Julia Quinn „Der Earl mit den eisblauen Augen“ (Rokesby #1)

Vorab sei einmal eines gesagt, bisher habe ich alle Bücher, die ich von Julia Quinn gelesen habe, stets auf Englisch verschlungen, daher war es ein Novum für mich, einmal ein deutsches Werk in Händen halten zu dürfen – es war ungewohnt.

 

Kurz zur Handlung:

Zwei Familien mit Kindern, die am Land nur wenige Meilen voneinander entfernt wohnen, ziehen diese quasi gemeinsam auf. Die Rokesby haben drei Söhne und eine Tochter, die Bridgerton  zwei Töchter und einen Sohn.

Billie, die älteste Tochter der Bridgertons ist um acht Jahre älter als ihre Schwester und kann mit dem Mädchen nichts anfangen, ist sie doch selbst schon über zwanzig und hat ganz andere Sachen im Kopf als der Teenager – sie hilft bei der Gutsverwaltung und wie es kommt, sitzt sie an diesem Nachmittag, an dem die Handlung aktiv einsetzt, auf dem Dach eines alten Hauses fest, weil sie sich in den Kopf gesetzt hatte, eine Katze von einem Baum zu retten – natürlich in Breeches [Ich wusste gar nicht, dass es diesen Begriff im Deutschen auch gibt.] Der einzige Mensch, der nach einiger Zeit vorbeikommt ist Andrew Rokesby – der älteste Bruder, mit dem Billie – eigentlich Sybilla – nichts anfangen kann, da er humorlos und kalt ist, stets auf seine Erziehung bedacht zu sein schien und um die Pflichten, die ein Erbe eben hat. Billie hofft inständig, dass er ihr hilft, kann aber nicht aus ihrer Haut und zeigt ihm deutlich, dass sie ihn nicht besonders gut leiden kann – stets mit einem gewissen Unterton, der unüberhörbar ist. Allerdings kommt es so, dass schließlich auch Andrew neben ihr am Dach sitzt, die Leiter umgefallen und zu zweit warten sie – Billie hatte sich beim Sturz vom Baum aufs Dach am Knöchel verletzt – bis jemand kommen würde …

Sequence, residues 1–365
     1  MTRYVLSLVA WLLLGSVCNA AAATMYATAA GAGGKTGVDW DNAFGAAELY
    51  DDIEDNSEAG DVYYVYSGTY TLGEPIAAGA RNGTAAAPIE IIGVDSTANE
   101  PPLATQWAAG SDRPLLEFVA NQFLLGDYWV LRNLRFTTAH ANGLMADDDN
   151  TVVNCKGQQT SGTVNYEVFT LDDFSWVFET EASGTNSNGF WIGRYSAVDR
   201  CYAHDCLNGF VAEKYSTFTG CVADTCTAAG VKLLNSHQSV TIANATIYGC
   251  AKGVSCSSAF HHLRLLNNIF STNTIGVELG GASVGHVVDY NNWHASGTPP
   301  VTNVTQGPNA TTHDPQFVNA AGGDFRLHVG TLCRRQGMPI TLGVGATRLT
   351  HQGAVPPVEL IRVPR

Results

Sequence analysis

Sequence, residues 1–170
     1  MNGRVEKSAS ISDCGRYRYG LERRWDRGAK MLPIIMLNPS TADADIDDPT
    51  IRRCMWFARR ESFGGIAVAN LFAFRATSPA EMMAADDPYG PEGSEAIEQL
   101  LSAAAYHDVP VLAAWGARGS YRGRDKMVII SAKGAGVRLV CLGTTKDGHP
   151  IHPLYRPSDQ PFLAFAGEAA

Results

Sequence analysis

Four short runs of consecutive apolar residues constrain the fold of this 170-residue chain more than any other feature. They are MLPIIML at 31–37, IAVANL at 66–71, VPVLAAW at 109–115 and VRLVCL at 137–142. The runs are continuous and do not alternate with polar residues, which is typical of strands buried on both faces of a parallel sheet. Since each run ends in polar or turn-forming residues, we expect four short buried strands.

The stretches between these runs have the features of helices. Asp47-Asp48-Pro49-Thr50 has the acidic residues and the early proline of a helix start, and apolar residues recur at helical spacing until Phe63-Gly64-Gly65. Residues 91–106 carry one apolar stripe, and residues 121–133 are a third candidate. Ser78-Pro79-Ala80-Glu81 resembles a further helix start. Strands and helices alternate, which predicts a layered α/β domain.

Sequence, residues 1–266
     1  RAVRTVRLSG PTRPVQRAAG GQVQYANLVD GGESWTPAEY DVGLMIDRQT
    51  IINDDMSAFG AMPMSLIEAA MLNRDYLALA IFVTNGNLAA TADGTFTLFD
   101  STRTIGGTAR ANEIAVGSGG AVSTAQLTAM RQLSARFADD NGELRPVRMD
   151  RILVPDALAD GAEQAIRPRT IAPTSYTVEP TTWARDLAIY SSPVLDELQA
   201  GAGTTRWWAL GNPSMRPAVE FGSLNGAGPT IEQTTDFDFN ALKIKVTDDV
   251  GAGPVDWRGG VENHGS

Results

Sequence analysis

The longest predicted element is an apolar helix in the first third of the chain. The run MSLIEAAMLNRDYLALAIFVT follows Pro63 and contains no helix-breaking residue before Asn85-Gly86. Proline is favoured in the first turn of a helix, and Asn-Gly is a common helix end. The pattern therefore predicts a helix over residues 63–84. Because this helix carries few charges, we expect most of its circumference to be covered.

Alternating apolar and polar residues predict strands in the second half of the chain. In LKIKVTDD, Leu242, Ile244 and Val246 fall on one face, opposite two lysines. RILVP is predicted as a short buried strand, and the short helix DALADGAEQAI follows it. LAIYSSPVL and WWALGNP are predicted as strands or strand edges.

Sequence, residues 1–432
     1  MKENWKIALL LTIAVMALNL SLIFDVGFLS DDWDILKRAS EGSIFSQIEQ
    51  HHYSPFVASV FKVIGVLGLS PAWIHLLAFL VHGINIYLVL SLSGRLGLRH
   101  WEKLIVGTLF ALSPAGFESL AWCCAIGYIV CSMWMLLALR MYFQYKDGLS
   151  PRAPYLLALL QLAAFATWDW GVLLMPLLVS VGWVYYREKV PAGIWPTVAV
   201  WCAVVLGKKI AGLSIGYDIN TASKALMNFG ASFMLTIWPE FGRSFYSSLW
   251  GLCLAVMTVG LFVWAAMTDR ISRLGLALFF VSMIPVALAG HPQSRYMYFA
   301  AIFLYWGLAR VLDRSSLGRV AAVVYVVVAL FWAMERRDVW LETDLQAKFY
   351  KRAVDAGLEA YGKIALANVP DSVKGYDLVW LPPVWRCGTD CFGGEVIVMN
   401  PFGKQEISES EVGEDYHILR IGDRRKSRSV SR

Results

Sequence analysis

Von Anfang an ist klar, dass die Beziehung der Familie allen Kindern stets viele Freiräume gelassen hat, so auch Billie, die in Burschenkleidung über den Besitz des Vaters reitet, den Damensattel meidet und nicht besonders auf ihre Sprache und Manieren bedacht ist – außer es wird von ihrer Mutter gefordert. Daher ist sie auch in der Lage, so mit Andrew umzugehen – ansonsten wären viele Dialoge undenkbar für die damalige Zeit.

Natürlich entdecken beide, dass der andere, den sie eigentlich aus unterschiedlichen Gründen nicht leiden können, gar nicht so furchtbar ist, sondern etwas Liebenswertes an sich hat, dem man sich zuvor stets verschlossen hatte.